Is there any idea too crazy for the 2012 GOP hopefuls? Is there any nutty idea that, once proposed, GOP presidential candidates won’t try to match or even top?
Looks like we’re about to find out. As Think Progress reports, Herman Cain is now saying that as president he would only sign bills that were no more than three pages long. This would basically disqualify any piece of substantive legislation, including the George W. Bush’s tax cuts.
Now, perhaps Cain will back off if there’s enough ridicule, but the dynamic of movement conservatives usually works the other way around. Indeed, I suspect that if they haven’t done so yet, Republican operatives will soon begin deliberately planting easily-mocked ideas in their candidates’ speeches, the better to earn Palin-like credibility with activists and voters.
Call it the Paul Revere strategy, after the Sage of Wasilla’s skill in turning anything foolish she says into evidence that liberals and reporters are out to get her.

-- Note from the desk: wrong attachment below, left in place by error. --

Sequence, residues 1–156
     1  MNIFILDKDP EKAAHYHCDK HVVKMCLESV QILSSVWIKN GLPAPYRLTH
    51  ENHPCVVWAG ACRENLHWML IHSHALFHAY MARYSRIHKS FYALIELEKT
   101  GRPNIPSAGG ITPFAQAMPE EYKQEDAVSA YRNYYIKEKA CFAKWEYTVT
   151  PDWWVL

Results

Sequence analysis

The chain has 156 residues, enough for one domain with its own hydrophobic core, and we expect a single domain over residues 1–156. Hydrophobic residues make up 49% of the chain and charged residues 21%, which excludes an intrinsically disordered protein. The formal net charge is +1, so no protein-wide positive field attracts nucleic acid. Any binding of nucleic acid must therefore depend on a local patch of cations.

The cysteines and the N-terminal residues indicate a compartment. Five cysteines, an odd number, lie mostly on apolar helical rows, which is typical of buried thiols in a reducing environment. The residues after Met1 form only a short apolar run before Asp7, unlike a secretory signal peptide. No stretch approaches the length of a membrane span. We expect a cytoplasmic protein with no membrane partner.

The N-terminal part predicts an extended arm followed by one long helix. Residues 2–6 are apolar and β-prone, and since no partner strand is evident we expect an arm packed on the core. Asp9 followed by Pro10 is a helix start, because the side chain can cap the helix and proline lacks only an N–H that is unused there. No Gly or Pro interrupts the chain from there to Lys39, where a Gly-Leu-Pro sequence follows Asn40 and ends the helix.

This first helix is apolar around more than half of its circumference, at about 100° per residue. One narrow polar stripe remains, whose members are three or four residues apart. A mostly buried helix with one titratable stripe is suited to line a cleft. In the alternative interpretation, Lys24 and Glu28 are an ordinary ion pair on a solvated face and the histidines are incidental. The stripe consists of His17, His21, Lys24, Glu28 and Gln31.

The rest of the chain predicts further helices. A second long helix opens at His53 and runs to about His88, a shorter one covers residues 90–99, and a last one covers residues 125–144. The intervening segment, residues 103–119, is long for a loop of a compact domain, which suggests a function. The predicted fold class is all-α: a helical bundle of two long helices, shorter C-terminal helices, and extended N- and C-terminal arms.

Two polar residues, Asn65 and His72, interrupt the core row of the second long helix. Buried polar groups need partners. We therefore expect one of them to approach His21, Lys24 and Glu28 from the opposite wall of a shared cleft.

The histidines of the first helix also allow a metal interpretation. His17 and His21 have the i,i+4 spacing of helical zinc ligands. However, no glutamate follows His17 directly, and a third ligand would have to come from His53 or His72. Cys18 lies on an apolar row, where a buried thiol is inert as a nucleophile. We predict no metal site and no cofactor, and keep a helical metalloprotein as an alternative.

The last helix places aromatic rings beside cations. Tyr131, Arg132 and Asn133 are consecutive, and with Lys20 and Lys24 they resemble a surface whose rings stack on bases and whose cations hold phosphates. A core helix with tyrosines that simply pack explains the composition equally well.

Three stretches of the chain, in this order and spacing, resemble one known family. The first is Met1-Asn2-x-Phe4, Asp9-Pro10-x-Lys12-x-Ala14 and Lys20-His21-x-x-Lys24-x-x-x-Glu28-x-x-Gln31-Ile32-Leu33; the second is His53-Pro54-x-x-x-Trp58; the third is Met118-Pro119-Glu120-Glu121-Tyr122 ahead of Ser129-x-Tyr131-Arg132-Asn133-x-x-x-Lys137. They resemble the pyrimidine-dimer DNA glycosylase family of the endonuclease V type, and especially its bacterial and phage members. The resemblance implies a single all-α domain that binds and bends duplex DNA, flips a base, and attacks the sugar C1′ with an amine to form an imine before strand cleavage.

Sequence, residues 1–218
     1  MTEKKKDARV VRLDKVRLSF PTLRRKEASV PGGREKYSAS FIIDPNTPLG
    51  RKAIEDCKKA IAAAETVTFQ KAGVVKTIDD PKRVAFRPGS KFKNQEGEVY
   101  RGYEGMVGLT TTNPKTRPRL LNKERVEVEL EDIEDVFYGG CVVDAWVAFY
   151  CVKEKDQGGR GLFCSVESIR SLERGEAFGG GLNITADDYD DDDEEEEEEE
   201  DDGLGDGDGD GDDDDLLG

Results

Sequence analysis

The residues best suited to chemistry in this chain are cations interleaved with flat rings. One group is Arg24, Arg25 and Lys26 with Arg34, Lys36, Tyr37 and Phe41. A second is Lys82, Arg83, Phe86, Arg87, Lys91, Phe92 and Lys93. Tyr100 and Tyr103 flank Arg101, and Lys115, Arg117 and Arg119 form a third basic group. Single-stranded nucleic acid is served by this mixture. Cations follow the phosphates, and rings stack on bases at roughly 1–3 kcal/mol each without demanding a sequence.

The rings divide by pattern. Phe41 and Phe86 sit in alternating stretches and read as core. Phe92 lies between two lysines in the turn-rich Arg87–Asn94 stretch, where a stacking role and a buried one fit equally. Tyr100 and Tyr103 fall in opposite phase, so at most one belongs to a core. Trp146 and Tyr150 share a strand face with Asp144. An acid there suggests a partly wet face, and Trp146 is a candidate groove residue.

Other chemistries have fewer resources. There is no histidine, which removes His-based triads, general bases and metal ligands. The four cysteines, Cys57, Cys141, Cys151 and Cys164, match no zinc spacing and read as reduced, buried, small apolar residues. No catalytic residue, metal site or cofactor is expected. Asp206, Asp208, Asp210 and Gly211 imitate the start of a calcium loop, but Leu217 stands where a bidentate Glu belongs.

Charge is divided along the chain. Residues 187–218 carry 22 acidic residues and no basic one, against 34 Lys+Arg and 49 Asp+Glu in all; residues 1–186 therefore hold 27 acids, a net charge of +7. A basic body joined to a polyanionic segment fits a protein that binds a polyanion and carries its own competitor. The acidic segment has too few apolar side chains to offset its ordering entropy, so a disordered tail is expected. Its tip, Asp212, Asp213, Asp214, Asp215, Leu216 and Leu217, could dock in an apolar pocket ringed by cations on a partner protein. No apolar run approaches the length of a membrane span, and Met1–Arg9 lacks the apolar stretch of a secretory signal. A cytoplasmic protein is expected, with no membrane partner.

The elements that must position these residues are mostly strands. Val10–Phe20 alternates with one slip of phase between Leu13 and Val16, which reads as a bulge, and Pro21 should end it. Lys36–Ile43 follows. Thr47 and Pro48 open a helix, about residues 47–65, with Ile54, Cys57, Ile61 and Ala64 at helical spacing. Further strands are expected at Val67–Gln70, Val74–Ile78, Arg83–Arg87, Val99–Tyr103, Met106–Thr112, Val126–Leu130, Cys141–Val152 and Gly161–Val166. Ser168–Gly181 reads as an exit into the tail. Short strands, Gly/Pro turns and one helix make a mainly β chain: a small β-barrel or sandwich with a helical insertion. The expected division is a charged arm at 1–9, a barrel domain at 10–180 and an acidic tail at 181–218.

Another case in point: Tim Pawlenty’s “Google test” yesterday.
How will the rest of the field react if Cain presses them on this silly idea — which may be totally gibberish, but almost certainly will test well with Tea Party voters? My guess is they’ll jump on board. After all, virtually every Republican adopted last year’s nonsense about not being allowed to vote on a bill unless you’d read the whole thing.
And in case you think it’s just about cheap campaign gimmicks like this one, read Jonathan Cohn on how this kind of nonsense extends to real policy proposals. Or think about the 2012 GOP positions over the last ten years on everything from climate to health care to, oh, evolution. Note that things really don’t work the same way oon the Democratic side — unless I missed the point where the leading candidates in 2004 and 2008 adopted Dennis Kucinich’s platform.
Or perhaps one of the plausible Republican nominees will eventually try the opposite tactic of appealing to sane, sensible conservatives.
Hey, anything is possible.